10.1 Social Constructivism and the Mediated Learning Experience

Jan 15, 2020 | ch10 Mental Organisation of Knowledge

A well-accepted fact among educational psychologists is the idea that knowledge is not absorbed but rather constructed through a person’s experiences with his or her environment. This knowledge may be constructed individually or collaboratively. This lesson will briefly explain the processes behind knowledge construction and provide information on how socially constructed knowledge can advance the cognitive development of learners.

Introduction

People construct knowledge and meanings from the stimuli in their environment, which leads to correct or, sometimes, incorrect meanings.

‘Class, we have been discussing weight and measurement. Can you tell me which weighs more, this one-pound bag of feathers or this one-pound bag of bricks? Okay. It seems we have some disagreement. Maybe we can work on these problems in groups.’

As we follow this teacher through her lesson, we will be introduced to knowledge construction, social constructivism and the advantages of collaborative learning environments.

Background

New knowledge is processed in three steps:

  1. Construction
  2. Storage
  3. Retrieval

Construction is a mental (or internal) process in which a learner takes many separate pieces of knowledge and uses them to build an overall understanding or interpretation of a new concept. Storage is the mental process of putting new information into memory, and retrieval is the process of finding and using the information stored in memory.

Sometimes learners can make mistakes, referred to as reconstruction errors, which is when the construction of logical, but incorrect, memory occurs by using information retrieved from long-term memory plus one’s general knowledge and beliefs about the world.

Some of the teacher’s students were making reconstruction errors. They had prior stored knowledge of bricks weighing more than feathers, so when asked ‘Which weighs more?’ they incorrectly assumed that it was the bag of bricks despite the fact that both actually weigh the same.

Individual and Social Constructivism

Typically, children learn individually. This is referred to as individual constructivism. Individual constructivism is the theoretical perspective that focuses on how people, as individuals, construct meaning from the events around them.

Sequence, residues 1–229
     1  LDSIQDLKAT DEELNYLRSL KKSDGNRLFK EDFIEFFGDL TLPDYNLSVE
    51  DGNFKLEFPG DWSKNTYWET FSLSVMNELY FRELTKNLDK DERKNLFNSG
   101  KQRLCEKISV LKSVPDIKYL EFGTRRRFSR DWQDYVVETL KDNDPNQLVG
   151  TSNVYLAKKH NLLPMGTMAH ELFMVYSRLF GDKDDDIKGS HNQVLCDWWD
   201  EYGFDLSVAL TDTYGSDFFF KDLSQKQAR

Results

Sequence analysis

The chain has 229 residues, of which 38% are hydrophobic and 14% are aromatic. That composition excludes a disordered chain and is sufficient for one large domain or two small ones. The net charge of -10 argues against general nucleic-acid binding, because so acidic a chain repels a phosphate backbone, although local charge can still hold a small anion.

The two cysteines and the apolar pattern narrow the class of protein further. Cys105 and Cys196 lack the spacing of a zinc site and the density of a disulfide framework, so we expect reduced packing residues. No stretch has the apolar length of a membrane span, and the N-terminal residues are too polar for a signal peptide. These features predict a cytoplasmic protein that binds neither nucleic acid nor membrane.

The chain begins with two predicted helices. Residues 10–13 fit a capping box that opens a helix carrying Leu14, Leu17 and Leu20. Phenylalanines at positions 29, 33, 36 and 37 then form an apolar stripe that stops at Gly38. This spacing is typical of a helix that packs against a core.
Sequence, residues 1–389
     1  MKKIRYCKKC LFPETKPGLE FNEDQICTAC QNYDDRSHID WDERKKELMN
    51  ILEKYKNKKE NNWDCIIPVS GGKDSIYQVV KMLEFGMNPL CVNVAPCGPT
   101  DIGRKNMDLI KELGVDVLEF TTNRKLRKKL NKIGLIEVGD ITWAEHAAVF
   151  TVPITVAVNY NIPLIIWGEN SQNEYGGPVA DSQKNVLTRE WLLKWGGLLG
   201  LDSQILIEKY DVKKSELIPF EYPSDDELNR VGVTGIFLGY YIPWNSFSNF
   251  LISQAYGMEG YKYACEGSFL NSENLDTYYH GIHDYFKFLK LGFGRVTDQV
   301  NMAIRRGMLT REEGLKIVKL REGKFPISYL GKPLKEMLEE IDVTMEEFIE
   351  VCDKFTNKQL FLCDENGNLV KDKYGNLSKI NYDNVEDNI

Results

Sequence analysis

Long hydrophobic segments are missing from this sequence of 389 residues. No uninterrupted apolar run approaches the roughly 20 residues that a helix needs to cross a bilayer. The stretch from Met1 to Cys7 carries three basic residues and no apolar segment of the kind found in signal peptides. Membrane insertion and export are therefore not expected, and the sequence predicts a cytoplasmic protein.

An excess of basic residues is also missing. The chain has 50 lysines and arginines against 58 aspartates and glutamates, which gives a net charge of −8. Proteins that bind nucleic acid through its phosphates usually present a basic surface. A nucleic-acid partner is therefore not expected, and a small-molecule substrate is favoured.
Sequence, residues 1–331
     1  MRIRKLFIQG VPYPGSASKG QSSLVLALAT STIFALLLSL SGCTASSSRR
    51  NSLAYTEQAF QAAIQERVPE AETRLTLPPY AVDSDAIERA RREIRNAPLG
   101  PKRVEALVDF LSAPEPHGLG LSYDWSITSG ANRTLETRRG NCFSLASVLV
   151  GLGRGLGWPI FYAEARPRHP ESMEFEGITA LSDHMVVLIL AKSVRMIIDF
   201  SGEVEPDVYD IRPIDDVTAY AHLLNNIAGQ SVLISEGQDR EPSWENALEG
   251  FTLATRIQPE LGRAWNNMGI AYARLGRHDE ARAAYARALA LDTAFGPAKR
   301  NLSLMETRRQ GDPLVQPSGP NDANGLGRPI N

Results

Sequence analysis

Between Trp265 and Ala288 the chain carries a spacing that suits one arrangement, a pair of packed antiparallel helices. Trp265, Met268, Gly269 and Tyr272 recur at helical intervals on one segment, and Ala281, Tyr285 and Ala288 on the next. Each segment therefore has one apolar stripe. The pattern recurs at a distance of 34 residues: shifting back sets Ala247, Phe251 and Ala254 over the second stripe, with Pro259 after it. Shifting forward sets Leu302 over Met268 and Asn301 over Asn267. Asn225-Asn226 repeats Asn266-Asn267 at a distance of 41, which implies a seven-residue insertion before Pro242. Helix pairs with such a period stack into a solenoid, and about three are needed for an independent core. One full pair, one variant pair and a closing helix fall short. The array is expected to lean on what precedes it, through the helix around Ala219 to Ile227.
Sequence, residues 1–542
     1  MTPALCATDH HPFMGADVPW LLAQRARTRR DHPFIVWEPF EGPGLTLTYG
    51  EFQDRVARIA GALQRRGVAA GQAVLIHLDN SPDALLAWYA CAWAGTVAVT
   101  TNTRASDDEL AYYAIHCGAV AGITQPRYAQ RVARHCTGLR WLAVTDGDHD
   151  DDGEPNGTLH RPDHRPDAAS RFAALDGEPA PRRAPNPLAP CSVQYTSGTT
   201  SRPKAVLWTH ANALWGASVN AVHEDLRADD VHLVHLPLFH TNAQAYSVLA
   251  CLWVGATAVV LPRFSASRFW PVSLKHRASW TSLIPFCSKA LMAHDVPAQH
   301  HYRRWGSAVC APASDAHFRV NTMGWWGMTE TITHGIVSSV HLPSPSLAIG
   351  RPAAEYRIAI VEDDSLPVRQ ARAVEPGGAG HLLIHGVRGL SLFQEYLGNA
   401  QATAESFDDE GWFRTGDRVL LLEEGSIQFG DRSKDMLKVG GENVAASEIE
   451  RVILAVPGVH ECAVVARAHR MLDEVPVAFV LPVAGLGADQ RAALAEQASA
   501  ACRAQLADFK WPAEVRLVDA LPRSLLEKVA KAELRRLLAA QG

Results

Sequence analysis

While individual learning is most common in the classroom, there are also benefits to learners constructing knowledge in groups. This perspective is referred to as social constructivism, which is the perspective that focuses on people’s collective efforts to impose meaning on the world. This perspective also emphasizes the importance of culture and context in understanding what occurs in society and constructing knowledge-based individual ways of understanding.

The guiding principles of social constructivism include:

  1. Knowledge is constructed through human activity, and reality is invented jointly by the members of that society.
  2. Individuals create meaning through their interactions with others and the environments they live in.
  3. Finally, learning is social and active, and meaningful learning only occurs when individuals are engaged in social activities.

Through these collective learning efforts, distributed cognition occurs. Distributed cognition is the process in which learners think about an issue or problem together, sharing ideas and working collaboratively to draw conclusions or develop solutions.

The perspectives we have discussed are similar to the concept of mediated learning experience. However, in mediated learning, it is the interaction between an adult or another more cognitively advanced individual that helps a child make sense of a phenomenon or event.

Benefits of Social Constructivism

In some situations, learners are better able to understand new concepts and ideas through social constructivism. By sharing ideas and perspectives, they are able to:

  • Clarify and organize their ideas well enough to explain and justify them to others.
  • Elaborate on what they have learned by drawing inferences, generating hypotheses and asking more questions.
  • Be exposed to students with differing views that may be more accurate than their own.
  • Discover flaws and inconsistencies in their own thinking.

Let’s check back in on the class to see how these concepts work.

‘I think that the bag of feathers is lighter, because if you hold one feather and hold one brick the brick is heavier.’ ‘No, both weigh the same because they are both one pound.’

So, as you could see in the classroom, each student clarified their ideas and explained their rationale; other students’ knowledge was constructed by this. By pointing out that each bag weighed the same, flaws and inconsistencies were uncovered and the students formed a socially constructed concept.

Lesson Summary

In this lesson, you were introduced to the process of knowledge construction. New knowledge is first constructed, then stored and finally retrieved. In most classrooms, knowledge is constructed individually. However, socially constructed knowledge has many advantages for the learners as well. Social constructivism – guided by the basic assumptions that knowledge is constructed jointly, learning is social and active and meaning is created through interaction – allows a learner to be exposed to differing views, elaborating on their own views and drawing more accurate conclusions.

Lesson Objectives

After watching this lesson, you should be able to:

  • List and define the three steps of processing knowledge
  • Compare and contrast individual constructivism and social constructivism
  • Define reconstruction error, distributed cognition and mediated learning experience
  • Paraphrase the benefits of social constructivism
10.2 Using Concepts to Classify the World